19 March 2007

Monday Quote Frenzy - John Stuart Mill on Jury Duty

Mill is here reflecting on the classical Athenian custom of having all citizens serve both in the ecclesia (the legislative body) and the dicastery (commonly translated as jury, although it was the same group as the ecclesia acting in a judicial mode).
It is not sufficiently considered how little there is in most men’s ordinary life to give any largeness either to their conceptions or to their sentiments… in most cases the individual has no access to any person of cultivation much superior to his own. Giving him something to do for the public, supplies, in a measure, all these deficiencies. If circumstances allow the amount of public duty assigned to him to be considerable, it makes him an educated man. Notwithstanding the defects of the social system and moral ideas of antiquity, the practice of the dicastery and the ecclesia raised the intellectual standard of an average Athenian citizen far beyond anything of which there is yet an example in any other mass of men, ancient or modern. … He is called upon, while so engaged, to weigh interests not his own; to be guided, in case of conflicting claims, by another rule than his private partialities; to apply, at every turn, principles and maxims which have for their reason of existence the common good: and he usually finds associated with him in the same work minds more familiarized than his own with these ideas and operations, whose study it will be to supply reasons to his understanding, and stimulation to his feeling for the general interest.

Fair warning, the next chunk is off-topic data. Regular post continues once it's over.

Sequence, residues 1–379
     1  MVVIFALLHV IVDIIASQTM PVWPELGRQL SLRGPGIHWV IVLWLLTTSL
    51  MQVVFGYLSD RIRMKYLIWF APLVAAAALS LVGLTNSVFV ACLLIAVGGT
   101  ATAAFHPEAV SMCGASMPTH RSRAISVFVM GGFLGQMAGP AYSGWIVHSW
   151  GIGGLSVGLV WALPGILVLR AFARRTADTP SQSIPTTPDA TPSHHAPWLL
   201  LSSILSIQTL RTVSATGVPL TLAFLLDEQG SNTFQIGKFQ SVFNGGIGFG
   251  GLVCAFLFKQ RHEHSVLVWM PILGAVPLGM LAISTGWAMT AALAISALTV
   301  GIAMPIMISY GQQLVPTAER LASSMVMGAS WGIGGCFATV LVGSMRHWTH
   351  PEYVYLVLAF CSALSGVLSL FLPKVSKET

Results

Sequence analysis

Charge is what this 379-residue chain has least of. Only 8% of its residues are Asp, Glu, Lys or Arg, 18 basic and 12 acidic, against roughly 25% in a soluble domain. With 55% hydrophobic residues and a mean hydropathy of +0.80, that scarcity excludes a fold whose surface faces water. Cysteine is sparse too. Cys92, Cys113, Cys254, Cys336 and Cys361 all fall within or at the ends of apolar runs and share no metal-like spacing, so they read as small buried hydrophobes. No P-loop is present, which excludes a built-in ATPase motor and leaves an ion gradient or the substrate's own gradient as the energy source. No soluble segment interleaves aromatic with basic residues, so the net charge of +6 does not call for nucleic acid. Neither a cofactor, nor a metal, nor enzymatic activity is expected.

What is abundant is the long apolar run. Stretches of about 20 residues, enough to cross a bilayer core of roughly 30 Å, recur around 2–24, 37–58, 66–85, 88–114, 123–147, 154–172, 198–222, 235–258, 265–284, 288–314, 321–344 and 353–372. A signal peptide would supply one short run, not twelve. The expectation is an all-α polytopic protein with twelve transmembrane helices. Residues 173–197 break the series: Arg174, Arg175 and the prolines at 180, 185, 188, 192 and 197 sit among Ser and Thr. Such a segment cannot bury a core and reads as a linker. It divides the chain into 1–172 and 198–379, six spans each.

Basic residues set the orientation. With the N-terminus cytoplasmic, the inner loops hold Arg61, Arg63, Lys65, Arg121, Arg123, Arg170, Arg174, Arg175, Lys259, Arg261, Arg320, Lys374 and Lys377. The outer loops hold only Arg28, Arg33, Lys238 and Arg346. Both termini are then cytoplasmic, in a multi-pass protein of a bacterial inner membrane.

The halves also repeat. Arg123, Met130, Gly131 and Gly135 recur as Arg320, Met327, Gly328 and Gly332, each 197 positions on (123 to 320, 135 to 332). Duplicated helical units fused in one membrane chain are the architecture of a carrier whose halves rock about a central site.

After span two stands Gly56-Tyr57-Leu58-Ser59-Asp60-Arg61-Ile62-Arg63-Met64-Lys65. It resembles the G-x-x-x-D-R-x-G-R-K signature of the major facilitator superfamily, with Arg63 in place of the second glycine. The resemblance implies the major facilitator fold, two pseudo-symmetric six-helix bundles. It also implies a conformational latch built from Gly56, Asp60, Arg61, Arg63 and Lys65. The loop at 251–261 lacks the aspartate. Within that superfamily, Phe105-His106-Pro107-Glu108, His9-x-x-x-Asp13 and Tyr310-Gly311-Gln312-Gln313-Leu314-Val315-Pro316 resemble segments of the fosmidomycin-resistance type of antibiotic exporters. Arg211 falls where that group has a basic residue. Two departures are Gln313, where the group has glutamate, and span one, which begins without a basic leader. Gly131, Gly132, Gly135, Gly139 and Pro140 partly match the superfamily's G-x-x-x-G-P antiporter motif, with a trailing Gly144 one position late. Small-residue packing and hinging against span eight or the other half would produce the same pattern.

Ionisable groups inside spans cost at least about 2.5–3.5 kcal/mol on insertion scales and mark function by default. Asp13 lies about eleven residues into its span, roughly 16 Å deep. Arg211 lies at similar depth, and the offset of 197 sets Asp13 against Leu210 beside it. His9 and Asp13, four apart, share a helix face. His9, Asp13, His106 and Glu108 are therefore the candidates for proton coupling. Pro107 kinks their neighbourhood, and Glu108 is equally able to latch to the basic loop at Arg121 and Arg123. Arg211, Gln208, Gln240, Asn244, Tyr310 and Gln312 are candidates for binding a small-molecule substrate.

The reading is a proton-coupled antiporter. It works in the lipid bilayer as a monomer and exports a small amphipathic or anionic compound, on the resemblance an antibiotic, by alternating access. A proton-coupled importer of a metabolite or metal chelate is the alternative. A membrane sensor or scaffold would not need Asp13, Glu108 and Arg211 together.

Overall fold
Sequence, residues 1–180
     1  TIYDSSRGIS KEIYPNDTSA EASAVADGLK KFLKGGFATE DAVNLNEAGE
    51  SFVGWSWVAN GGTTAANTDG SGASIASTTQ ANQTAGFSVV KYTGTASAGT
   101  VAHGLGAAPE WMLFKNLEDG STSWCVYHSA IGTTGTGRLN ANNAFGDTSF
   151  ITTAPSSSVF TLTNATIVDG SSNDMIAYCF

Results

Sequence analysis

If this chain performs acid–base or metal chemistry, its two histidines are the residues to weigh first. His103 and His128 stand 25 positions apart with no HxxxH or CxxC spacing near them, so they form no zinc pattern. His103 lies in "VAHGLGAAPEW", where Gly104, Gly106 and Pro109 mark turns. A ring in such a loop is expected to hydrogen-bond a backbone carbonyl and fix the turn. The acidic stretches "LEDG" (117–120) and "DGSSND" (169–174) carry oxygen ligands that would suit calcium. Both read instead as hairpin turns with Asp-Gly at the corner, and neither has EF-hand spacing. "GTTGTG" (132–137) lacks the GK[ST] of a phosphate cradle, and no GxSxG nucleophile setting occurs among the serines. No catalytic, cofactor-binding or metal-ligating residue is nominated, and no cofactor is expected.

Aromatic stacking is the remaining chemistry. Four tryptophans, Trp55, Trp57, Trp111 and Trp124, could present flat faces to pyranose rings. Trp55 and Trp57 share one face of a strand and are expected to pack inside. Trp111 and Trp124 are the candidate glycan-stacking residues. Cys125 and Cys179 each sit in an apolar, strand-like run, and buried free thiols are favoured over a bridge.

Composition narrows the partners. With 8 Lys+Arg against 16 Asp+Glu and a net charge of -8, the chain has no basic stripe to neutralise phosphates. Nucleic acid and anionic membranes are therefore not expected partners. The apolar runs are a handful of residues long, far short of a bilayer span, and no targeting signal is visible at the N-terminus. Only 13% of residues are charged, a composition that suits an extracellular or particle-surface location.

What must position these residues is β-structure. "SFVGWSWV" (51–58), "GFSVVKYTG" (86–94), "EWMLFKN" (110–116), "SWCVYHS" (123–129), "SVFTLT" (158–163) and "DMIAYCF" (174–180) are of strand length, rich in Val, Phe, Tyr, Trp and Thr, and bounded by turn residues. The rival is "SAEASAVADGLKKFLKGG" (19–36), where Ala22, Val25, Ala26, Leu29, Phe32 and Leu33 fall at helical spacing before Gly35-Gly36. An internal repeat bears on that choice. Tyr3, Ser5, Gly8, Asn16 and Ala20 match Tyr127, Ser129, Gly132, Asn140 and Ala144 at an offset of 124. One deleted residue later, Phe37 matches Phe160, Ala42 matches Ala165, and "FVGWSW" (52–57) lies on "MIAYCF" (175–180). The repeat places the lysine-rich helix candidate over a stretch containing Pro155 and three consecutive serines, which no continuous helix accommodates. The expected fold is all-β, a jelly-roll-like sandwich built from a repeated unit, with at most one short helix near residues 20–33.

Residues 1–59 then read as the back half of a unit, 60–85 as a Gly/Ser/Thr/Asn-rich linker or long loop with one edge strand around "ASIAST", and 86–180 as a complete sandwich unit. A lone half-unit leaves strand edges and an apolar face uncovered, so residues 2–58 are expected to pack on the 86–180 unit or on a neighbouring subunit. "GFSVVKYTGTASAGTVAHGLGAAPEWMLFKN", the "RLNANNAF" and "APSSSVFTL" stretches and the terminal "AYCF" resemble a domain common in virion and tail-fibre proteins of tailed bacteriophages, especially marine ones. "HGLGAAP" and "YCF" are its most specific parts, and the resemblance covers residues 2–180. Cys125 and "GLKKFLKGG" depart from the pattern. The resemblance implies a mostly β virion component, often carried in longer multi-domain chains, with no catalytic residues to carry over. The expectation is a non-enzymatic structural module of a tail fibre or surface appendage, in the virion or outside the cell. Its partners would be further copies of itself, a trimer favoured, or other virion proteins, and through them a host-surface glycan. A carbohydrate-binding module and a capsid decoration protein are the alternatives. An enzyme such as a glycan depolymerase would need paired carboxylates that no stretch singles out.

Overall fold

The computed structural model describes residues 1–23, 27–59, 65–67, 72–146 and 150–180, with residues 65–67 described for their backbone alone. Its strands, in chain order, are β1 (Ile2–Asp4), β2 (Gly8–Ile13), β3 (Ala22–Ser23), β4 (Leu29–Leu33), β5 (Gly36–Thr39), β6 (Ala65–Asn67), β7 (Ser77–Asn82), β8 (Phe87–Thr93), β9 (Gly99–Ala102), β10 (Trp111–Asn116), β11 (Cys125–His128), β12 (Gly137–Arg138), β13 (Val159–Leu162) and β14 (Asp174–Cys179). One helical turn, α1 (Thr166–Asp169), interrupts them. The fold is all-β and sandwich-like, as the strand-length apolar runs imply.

This first appeared in Considerations on Representative Government, but was developed further in the first section of Mill’s review of Democracy in America, in the October 1840 Edinburgh Review, and reprinted in Dissertations and Discussions, London, 1859, vol. 2, pp. 1-83.


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